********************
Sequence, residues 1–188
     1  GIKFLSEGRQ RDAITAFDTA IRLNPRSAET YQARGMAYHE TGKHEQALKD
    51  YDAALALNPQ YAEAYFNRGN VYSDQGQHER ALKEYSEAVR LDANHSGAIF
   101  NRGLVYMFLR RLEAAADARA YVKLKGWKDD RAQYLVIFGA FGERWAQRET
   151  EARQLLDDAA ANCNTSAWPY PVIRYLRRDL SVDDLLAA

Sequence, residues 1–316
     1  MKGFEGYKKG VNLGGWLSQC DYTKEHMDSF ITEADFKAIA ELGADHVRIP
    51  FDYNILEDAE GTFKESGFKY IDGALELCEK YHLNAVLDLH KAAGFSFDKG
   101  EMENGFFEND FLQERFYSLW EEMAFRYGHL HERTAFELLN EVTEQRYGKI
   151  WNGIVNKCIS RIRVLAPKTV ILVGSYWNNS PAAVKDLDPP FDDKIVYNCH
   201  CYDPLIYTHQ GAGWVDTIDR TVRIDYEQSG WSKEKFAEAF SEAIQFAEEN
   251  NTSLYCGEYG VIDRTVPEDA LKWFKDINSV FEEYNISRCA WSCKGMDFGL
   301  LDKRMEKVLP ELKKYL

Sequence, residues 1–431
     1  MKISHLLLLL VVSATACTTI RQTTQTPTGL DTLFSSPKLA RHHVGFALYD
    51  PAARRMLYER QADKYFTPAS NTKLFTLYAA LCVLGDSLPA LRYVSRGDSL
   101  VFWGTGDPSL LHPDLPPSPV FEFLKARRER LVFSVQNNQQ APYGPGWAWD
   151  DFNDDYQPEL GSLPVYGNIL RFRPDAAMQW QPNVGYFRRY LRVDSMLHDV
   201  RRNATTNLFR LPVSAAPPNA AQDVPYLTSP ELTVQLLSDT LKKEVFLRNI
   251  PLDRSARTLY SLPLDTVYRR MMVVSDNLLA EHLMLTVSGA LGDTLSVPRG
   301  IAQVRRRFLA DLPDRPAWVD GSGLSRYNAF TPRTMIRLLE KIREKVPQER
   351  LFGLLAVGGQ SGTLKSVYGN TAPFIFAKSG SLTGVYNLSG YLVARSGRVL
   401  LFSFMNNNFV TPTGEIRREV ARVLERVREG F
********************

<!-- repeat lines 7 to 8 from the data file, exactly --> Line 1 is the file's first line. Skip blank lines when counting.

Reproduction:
     1  MKGFEGYKKG VNLGGWLSQC DYTKEHMDSF ITEADFKAIA ELGADHVRIP
    51  FDYNILEDAE GTFKESGFKY IDGALELCEK YHLNAVLDLH KAAGFSFDKG